Ventricular Tachycardia (VT) is a major public health problem occurring in 15% of patients with coronary artery disease, 8% of patients with hypertension, and 2% of the general population. Current therapy is placement of an implantable cardioverter- defibrillator (ICD). While ICDs are effective in terminating VT, they do not prevent VT from occurring. Permanent cessation of VT can result from identification and selective ablation of the origination site(s) of the arrhythmia. This technique unfortunately can only be applied to small number of VT patients because it requires their having slow, hemodynamically stable VT to be safe. Using three proven technologies, we will create a novel means of minimally invasively identifying and ablating VT initiation sites that is applicable to a much largr number of VT patients. By combining a non-invasive mapping technology with a precise epicardial navigation approach and a flexible needle- based radio frequency ablation technique, we will produce a uniquely capable system. In Phase I of this work, we will demonstrate that these technologies can be unified while in Phase II we will verify its efficacy in an animal model.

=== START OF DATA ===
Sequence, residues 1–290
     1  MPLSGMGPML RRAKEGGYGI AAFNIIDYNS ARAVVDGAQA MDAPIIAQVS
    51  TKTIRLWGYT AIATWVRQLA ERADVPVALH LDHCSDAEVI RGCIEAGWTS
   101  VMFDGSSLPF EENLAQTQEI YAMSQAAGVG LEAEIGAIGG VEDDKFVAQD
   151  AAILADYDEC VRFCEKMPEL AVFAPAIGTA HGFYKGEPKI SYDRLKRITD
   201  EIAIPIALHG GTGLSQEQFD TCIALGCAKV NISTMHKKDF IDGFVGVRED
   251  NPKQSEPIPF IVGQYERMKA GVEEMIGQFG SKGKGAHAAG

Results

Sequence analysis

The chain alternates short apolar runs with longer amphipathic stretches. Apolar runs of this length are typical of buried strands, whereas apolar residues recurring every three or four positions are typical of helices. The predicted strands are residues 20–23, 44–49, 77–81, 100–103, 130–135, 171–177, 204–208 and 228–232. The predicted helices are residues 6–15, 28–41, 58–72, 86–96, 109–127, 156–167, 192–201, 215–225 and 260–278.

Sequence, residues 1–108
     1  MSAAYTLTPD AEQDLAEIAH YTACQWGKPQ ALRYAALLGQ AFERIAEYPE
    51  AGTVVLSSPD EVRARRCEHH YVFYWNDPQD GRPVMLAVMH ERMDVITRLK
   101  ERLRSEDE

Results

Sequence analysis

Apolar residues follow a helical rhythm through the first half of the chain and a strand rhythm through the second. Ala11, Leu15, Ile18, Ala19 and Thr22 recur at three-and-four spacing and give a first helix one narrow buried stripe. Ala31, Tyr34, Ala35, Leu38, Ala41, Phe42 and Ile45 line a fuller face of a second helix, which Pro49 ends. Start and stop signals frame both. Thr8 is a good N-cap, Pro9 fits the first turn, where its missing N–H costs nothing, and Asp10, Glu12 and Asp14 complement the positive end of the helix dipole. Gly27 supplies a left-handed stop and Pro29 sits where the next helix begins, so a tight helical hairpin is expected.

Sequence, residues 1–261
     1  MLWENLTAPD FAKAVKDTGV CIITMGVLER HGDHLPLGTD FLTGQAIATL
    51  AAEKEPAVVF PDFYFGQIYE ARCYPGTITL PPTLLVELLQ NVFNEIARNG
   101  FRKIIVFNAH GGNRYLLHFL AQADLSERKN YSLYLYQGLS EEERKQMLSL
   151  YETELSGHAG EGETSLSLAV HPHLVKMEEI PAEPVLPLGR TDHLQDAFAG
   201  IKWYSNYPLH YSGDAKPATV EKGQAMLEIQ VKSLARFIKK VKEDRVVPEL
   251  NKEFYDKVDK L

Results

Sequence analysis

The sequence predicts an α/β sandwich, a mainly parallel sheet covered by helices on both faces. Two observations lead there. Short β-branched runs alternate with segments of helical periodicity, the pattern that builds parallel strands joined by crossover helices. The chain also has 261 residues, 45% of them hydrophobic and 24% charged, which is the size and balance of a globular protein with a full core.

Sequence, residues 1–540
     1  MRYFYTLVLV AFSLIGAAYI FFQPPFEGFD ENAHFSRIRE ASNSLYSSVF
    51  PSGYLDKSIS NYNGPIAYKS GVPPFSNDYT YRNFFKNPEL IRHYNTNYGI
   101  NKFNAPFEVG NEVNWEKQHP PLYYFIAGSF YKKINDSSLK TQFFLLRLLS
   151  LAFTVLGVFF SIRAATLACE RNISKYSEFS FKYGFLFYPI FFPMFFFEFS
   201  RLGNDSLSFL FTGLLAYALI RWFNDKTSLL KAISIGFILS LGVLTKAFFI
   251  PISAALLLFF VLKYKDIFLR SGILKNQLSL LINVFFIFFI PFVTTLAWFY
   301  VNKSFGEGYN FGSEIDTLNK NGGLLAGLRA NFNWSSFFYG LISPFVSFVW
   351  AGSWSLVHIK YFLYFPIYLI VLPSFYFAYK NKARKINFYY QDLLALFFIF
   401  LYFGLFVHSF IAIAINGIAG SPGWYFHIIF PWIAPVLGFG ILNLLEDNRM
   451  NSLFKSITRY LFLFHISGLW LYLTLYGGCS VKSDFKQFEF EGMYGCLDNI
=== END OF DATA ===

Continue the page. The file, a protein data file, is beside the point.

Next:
Ventricular Tachycardia (VT) is a major public health issue in the United States resulting in 300,000 deaths each year. An implantable cardioverter-defibrillator is considered the most appropriate means of treatment at present. Unfortunately, this does not prevent VT but rather stops the arrhythmia with a painful shock. To permanently treat VT, its origination must be prevented, but this can presently be done on only a small percentage of the VT-affected population. The therapy that will be developed through this proposal will significantly expand the number of VT patients who can have this permanent cessation technique and will do so using a safe, cost-effective approach that builds upon several well-understood technologies. !